Coal cargo terminal at Cherry Point raises concern

A coal train passes along the Bellingham waterfront between a popular hotel/spa and the Taylor Street Dock.

By Phillip Holder

Special to

The San Juan Islands face a significant increase in large cargo ship traffic under a proposal to build the largest yet coal terminal in North America at Cherry Point, near Ferndale. Annually, ships measuring up to three football fields in length will make over 950 passages (nearly three per day) transporting tens of millions of tons of Wyoming coal to China.

SSA Marine/Carrix (owned 49 percent by Goldman Sachs), Peabody Coal, and BNSF railroad want to move 48 millions tons of coal annually, from Wyoming’s Powder River Basin strip mines on publicly owned lands, to a 350 acre coal terminal to be built northwest of Bellingham. Carried by up to 18 uncovered trains a day, each up to 1.6 miles long, the coal would be piled at Cherry Point. To prevent spontaneous combustion, the coal will have to be turned over regularly with huge front-end loaders – creating significant dust. From the coal terminal, the coal will be loaded on Capesize — too big for Panama Canal passage — and Panamax ships, and transported  through the Salish Sea for burning by power plants in Asia. The ships would return empty of cargo, each carrying up to 17 million gallons of Asian ballast water, to be released before coal reloading at Cherry Point.

Proponents tout that jobs will be created at Cherry Point, and say that the proposal will help the trade balance between the U.S and China.  But some on the islands and the mainland wonder whether the overall costs of this scheme actually exceed the benefits, and point to several potential impacts on communities, businesses, and the Salish Sea ecosystem.

“In the San Juan islands, 95 percent of the herring that is available to be eaten comes from the shallows around Cherry Point,” said Russell Barsh, director of Kwiaht, the Lopez-based Center for the Historical Ecology of the Salish Sea. “Cherry Point is the last remaining spawning area that hasn’t been severely impacted by people, and a coal terminal there would have a huge negative impact. Herring is the basis for marine life in the central Salish sea, and we don’t have enough as it is to support seals, dolphins, salmon, and sea birds.”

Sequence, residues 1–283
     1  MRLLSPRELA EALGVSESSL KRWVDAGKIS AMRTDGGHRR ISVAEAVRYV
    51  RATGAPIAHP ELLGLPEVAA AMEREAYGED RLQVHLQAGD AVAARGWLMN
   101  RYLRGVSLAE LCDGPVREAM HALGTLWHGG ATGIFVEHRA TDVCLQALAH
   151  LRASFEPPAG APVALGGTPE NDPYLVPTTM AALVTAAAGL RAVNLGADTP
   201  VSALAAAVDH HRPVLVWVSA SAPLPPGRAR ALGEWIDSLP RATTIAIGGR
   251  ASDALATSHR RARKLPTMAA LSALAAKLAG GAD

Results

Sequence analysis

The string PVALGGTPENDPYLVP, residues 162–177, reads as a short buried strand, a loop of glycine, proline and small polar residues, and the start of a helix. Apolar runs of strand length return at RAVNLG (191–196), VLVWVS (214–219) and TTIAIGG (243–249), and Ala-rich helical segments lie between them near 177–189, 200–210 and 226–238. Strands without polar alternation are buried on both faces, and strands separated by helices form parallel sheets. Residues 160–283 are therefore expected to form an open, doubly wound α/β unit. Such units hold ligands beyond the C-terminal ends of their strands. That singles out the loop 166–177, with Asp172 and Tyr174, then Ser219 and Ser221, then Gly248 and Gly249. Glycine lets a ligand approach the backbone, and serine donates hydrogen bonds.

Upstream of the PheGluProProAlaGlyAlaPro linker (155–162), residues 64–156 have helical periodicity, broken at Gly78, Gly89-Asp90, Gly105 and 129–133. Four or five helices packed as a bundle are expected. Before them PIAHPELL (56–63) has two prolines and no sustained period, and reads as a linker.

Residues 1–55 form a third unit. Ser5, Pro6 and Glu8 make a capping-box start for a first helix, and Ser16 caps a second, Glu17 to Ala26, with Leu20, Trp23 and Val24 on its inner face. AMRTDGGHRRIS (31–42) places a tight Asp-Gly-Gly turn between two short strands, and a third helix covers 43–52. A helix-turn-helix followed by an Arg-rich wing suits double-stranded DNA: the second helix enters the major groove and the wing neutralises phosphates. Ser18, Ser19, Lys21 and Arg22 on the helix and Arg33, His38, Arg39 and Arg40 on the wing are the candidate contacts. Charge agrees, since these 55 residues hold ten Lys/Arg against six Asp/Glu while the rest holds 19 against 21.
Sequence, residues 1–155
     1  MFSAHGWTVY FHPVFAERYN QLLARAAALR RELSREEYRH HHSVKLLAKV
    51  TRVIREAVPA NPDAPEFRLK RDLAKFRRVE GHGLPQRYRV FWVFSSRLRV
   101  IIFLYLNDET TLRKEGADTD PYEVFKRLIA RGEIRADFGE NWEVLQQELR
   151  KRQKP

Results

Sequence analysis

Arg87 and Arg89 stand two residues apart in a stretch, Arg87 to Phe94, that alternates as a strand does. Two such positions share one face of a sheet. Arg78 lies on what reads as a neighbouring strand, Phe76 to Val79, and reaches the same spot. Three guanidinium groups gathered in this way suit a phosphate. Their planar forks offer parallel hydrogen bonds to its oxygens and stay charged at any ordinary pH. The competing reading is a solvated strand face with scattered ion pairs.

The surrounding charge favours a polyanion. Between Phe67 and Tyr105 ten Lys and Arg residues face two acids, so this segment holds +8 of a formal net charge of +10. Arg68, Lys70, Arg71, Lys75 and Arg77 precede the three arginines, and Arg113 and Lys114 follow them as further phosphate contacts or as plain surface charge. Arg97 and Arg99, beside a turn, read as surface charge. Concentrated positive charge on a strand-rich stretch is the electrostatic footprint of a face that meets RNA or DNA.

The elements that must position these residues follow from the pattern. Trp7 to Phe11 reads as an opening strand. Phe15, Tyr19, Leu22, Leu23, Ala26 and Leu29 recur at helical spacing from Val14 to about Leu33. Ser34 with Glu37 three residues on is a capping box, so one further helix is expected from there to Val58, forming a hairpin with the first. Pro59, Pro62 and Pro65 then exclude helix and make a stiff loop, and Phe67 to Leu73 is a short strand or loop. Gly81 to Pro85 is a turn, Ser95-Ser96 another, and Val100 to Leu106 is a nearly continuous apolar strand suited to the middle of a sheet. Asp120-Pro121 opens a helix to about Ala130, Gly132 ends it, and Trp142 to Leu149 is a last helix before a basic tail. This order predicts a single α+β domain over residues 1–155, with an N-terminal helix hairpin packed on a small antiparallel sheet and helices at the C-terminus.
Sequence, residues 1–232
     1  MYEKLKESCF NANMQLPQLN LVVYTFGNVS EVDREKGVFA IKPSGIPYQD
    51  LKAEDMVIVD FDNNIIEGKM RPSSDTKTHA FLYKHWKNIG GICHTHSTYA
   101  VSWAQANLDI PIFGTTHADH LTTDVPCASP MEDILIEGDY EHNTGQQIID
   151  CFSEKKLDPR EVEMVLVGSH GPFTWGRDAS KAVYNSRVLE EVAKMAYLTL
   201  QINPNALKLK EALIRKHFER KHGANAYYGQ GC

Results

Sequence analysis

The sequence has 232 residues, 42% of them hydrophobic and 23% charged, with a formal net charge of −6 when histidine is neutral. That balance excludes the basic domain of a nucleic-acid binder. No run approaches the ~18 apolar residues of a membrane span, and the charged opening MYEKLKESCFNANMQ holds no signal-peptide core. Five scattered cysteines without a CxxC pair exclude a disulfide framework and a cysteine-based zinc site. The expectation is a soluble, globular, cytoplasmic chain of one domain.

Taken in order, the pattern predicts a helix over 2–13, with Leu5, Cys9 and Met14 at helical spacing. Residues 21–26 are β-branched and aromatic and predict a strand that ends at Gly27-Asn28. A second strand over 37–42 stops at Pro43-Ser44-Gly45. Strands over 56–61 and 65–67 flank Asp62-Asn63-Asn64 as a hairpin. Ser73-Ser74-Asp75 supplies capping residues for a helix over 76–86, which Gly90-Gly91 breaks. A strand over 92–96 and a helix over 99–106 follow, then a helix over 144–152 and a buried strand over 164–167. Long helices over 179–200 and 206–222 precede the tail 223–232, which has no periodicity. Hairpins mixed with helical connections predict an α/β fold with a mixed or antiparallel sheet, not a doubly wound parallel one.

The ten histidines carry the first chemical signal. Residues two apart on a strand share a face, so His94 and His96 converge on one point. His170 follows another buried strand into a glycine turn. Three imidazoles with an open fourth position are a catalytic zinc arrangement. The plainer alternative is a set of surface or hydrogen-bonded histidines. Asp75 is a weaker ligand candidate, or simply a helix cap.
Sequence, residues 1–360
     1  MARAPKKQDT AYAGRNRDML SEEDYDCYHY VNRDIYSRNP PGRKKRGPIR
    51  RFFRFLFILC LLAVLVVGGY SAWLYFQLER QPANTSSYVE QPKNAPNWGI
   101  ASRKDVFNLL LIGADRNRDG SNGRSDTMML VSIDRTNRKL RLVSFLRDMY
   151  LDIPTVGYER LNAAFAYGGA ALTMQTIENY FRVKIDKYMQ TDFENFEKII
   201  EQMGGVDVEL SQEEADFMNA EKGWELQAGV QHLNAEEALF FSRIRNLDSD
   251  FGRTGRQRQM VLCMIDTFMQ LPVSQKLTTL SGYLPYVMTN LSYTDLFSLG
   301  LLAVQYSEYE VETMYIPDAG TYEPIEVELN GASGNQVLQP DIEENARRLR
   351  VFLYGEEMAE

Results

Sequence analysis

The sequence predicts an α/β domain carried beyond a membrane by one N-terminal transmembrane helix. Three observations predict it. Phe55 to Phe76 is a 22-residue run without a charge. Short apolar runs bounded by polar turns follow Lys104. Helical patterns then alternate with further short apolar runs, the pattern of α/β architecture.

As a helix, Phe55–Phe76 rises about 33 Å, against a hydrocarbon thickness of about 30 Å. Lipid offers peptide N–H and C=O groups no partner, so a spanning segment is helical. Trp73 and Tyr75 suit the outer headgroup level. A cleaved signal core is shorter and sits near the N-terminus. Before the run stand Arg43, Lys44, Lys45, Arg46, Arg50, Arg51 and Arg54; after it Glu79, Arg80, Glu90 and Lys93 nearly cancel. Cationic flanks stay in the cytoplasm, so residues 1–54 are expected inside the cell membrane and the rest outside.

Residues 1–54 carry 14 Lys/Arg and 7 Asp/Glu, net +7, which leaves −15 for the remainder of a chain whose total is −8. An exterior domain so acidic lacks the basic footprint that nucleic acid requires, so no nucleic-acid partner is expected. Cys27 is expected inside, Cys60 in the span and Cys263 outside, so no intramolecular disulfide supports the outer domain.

Barsh also raises concerns about increased shipping traffic,

“There’s too many close passes and close misses,” he said. “With so many of these huge ships navigating our waters, it’s only a matter of time before there’s a major accident, and the consequences to sea life would be extremely high.”

Other potential problems include:

-loss of tourism, customers, business revenues, and jobs, and damage to the islands’ quality of life

-delays of ferry and private marine transportation;  safety hazards to small fishing, commuter, recreational, and tour boats;

– spillage of coal, oil and/or fuel from vessel mishaps

– traffic delays at “at-grade” rail crossings on mainland traffic routes connecting to marine transportation to the islands

– substantial taxpayer revenues required to mitigate these impacts.

SSA Marine is required by federal and state law and Whatcom County regulations to obtain several permits from federal, state, and local government agencies. The permitting process will include preparation of an Environmental Impact Statement under state and federal laws to address the impacts of the project. The initial step in preparing an EIS is called “scoping.” During the scoping phase, members of the public can raise issues they believe need to be studied. The scoping period has not yet been announced but is expected sometime this spring.

“The whole situation is very interesting to me. Enduring impacts from natural resource exports to other countries is perhaps an unfamiliar phenomenon for the U.S. but it is very commonplace in developing countries,” said Chom Greacon, a member of the Islands Energy Coalition and an international energy consultant.  “A difference here is that much of China’s hunger for coal (75 percent of energy demand is from the industrial sector) is driven by  exports of consumers goods to countries around the world, including the US. So in a way, consumption in the U.S. is partially responsible for the demand for coal extraction and export. It’s certainly crucial to consider the impacts of the coal train but also important to connect the issue to a more personal level.”

Lopez residents can hear details and ask questions at the “Ships, Spills and Sea-Level Rise – Coal Hard Truth” forum, moderated by Matt Krogh, North Sound Baykeeper with RESources for Sustainable Communities on Tuesday, Feb.7, 6 – 8 p.m., Lopez Center for Community and the Arts.

On Thurs. Feb. 9, a similar forum will be conducted on San Juan, Feb. 9, Friday Harbor High School Commons, 6 p.m.


Editor’s note: — Phillip Holder lives in Mount Vernon. He has been working on coal-related issues since July. Chris Greacon and Doug Poole of the Islands Energy Coalitions contributed to this article.